Takeaways from the Mets 3-1 loss to the Nationals on Saturday…
The Mets lost for the fourth time in a row on Saturday afternoon, dropping a 3-1 contest to the Nationals at Citi Field. Here are my takeaways from the loss…
An old fashioned pitchers duel, ruined for the Mets by their defense.
This certainly wasn’t billed to be an offensive showcase in Flushing this afternoon thanks to the rain, cold and win inside Citi Field, and it turned out to be just that between the once dueling rivals.
There were a total of eight baserunners through the first six innings of this game between both clubs, as both Noah Syndergaard and Gio Gonzalez threw brilliantly all afternoon.
But in the seventh inning, Clint Robinson took Syndergaard deep, sending one into the Pepsi Porch to give Washington a 1-0 lead. That spoiled what really was a phenomenal outing for Syndergaard, who dominated the Nationals until that point.
Meanwhile, the Mets couldn’t generate an ounce of offense once again on Saturday afternoon, until the seventh inning when Juan Lagares singled in Lucas Duda with two outs to bail Syndergaard out.
But the Mets were unable to turn a routine double play in the eighth inning when Daniel Murphy bobbled a groundball and Ruben Tejada threw wide of the bag at first, prolonging the inning for Bryce Harper, who took Addison Reed deep for a two-run home run to sink the Mets to their fourth straight uninspiring loss.
It’s hard to not be excited for Syndergaard in the playoffs. He was dominant outside of the home run he allowed to Robinson in the seventh, banging out ten strikeouts and really looking like a thinker out on the mound. He was often pitching backwards, starting with breaking balls and ending with fastballs. In fact, he recorded at least two strikeouts looking on fastballs which suggests he had the Nationals hitters completely lost.
He made one mistake on the day, and in a pitcher’s duel like this, typically one mistake does a pitcher in. And unfortunately, that’s what happened.
But that should not take away from what Syndergaard has shown since coming back from his skipped start. He looks fresh, his arm is alive and his stuff is electric once again. But the most important thing is he looks refreshed mentally, making outstanding decisions with his pitch selection and in-game strategy, much like he looked from May through July.
What’s more, he pitched deep into the game and saved the bullpen ahead of the second game of this doubleheader, which could prove significant tonight.
But overall, he had an outstanding rookie year for the Mets, and it looks as though he will be the real deal for this franchise for many years to come.
The Mets have absolutely no life to their offense right now, and with just two games left in the season ahead of the playoffs, that’s a significant concern.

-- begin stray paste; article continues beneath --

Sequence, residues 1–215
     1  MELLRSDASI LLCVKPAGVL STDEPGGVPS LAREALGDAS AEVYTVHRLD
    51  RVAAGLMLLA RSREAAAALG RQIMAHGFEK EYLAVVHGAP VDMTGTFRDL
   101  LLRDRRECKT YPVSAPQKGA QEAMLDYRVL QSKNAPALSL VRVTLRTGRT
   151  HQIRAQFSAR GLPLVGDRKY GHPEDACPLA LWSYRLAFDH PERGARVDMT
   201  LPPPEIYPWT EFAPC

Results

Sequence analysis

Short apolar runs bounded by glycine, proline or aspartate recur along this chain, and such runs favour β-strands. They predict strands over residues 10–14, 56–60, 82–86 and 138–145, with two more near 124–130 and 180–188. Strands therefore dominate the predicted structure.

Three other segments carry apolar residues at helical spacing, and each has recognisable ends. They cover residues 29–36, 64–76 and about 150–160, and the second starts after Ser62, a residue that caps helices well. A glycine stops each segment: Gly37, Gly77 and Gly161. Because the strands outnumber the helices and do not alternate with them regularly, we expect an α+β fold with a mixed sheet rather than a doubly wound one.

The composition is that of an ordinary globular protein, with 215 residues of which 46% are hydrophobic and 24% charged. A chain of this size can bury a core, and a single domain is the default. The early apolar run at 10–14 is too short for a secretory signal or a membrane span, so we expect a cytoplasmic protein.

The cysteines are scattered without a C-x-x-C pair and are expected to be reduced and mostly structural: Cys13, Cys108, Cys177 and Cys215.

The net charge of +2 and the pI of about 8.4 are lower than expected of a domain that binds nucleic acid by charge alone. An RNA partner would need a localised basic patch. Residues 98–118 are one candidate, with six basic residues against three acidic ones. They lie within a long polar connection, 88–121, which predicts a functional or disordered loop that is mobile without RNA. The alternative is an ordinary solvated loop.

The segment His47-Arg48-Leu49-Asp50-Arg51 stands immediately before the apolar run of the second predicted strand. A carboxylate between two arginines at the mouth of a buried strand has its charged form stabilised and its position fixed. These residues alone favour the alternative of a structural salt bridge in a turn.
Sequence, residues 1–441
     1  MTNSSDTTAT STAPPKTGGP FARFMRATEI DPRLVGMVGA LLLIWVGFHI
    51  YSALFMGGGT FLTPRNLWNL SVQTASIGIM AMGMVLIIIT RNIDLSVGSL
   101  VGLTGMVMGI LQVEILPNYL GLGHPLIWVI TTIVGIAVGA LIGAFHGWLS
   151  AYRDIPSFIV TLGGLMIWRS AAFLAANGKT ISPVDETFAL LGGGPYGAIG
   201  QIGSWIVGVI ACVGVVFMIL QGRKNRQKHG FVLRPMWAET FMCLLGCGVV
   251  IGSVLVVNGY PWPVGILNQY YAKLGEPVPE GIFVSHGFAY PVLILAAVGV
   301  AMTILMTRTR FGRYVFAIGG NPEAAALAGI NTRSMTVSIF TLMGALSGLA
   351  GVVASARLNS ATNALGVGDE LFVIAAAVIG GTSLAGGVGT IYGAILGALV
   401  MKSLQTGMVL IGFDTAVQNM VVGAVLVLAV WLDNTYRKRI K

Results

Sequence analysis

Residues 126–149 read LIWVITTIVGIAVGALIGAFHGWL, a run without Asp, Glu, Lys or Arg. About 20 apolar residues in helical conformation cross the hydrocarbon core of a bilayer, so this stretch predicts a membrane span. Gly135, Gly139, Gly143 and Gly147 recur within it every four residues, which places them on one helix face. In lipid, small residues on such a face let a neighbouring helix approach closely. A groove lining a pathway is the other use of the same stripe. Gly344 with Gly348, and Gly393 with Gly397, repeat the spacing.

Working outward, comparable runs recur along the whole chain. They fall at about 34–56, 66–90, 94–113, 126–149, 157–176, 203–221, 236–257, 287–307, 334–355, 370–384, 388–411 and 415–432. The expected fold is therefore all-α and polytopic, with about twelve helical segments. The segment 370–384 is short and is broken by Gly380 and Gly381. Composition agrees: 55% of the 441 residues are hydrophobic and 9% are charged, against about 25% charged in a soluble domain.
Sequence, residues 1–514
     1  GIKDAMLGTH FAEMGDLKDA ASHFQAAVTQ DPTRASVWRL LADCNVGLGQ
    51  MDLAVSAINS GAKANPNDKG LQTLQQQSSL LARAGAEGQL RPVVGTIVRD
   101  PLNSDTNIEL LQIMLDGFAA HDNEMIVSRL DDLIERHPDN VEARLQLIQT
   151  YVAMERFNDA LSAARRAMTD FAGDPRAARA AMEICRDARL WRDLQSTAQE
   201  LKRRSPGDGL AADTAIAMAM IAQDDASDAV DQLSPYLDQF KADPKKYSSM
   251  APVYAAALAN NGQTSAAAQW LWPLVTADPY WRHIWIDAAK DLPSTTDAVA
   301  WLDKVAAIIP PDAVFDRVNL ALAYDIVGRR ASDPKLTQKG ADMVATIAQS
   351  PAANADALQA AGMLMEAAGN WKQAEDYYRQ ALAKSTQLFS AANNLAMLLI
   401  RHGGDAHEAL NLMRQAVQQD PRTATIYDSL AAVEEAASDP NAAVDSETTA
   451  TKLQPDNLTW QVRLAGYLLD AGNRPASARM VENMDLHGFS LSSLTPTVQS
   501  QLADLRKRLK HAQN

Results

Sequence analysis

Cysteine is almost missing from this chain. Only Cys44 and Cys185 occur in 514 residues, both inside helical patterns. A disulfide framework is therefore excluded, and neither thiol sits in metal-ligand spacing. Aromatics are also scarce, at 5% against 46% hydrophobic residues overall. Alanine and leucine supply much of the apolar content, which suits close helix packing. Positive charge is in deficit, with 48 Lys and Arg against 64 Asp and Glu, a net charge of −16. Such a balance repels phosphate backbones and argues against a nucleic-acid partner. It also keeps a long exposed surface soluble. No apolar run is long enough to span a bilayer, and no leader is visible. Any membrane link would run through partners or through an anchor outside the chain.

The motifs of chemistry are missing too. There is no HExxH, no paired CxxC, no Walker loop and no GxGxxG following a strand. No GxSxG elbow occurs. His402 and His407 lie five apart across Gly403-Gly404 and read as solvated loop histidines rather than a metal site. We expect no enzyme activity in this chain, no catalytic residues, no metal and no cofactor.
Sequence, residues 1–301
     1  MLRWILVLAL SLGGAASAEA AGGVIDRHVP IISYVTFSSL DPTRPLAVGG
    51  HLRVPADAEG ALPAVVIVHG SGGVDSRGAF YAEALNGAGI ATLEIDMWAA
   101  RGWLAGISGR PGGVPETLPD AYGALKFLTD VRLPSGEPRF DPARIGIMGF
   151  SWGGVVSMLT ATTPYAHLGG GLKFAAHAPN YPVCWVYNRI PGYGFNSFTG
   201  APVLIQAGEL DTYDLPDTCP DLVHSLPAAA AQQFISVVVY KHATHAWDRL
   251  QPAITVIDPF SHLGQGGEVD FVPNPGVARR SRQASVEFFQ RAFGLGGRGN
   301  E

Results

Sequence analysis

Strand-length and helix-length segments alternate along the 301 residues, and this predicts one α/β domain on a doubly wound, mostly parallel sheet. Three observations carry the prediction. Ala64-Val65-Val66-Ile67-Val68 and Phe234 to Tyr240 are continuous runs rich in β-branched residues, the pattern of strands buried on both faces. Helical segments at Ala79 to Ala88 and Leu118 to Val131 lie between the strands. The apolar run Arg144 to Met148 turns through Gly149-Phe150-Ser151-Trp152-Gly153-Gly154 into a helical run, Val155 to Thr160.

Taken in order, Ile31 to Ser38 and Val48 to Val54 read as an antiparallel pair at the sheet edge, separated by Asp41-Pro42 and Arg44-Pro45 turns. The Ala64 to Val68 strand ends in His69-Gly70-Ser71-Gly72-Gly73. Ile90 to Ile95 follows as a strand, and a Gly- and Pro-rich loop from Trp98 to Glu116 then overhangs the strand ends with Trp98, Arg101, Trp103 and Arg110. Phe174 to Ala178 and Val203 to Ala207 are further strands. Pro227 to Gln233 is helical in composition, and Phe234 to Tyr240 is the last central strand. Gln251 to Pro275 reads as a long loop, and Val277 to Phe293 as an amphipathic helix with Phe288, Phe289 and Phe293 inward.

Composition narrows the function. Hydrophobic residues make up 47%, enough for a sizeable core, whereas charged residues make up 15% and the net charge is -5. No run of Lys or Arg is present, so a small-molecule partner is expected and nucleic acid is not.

They’re just not having very good at-bats right now. The sequences are quick, they’re whiffing at a lot of pitches both in and out of the zone, and flat out not hitting as a result.
They had that big chance in the third inning against Gonzalez, and yes the Nationals got help from Matt den Dekker who made an outstanding catch to rob Daniel Murphy of extra bases. But Juan Lagares struck out and Michael Cuddyer grounded out weakly to end that threat.
The Mets etched a run out of the Nationals bullpen in the seventh inning which bailed out Syndergaard, but it seemed as though they were pulling teeth just to get that run across.
It’s going to have to change, especially when they get opportunities for a big inning in the playoffs, much like they had in the third inning on Saturday afternoon. Their situational hitting needs to improve, as does their two-out hitting.
Otherwise, they could be in-line for a quick exit from the playoffs next week.
The Mets middle infield defense has been a topic of discussion all year long. For the last two months anyway, it had been pretty good which was one of the underrated reasons for the Mets success during that time.
But those troubles came back to haunt the Mets again on Saturday, specifically in the eighth inning when Murphy and Tejada could not turn a game-critical double play to prolong the inning for the likely-MVP in Harper.
Collins could have walked Harper and taken his chances and gone after Jayson Werth, but first base was occupied and it would’ve been unconventional, at best. Unfortunately, the Mets got sunk by their defense, which served as a stark reminder as to how important that middle defense is, and how badly it can kill the Mets next week in the playoffs.
Other notes from Saturday:
With their run in the seventh, the Mets snapped a 23-inning scoreless streak, but have scored just one run in their last 26 innings.
Travis d’Arnaud doubled and struck out three times – he’s just 6-for-his-last-45 at the plate.
The runs Reed allowed in the eighth inning were the first he’s allowed as a Met this season.
The Mets are 16-17 at Citi Field since the All-Star break, and have lost 13 of their last 19 home games as well.
Jon Niese made his third relief appearances this week, and allowed a single and a walk in a scoreless ninth inning.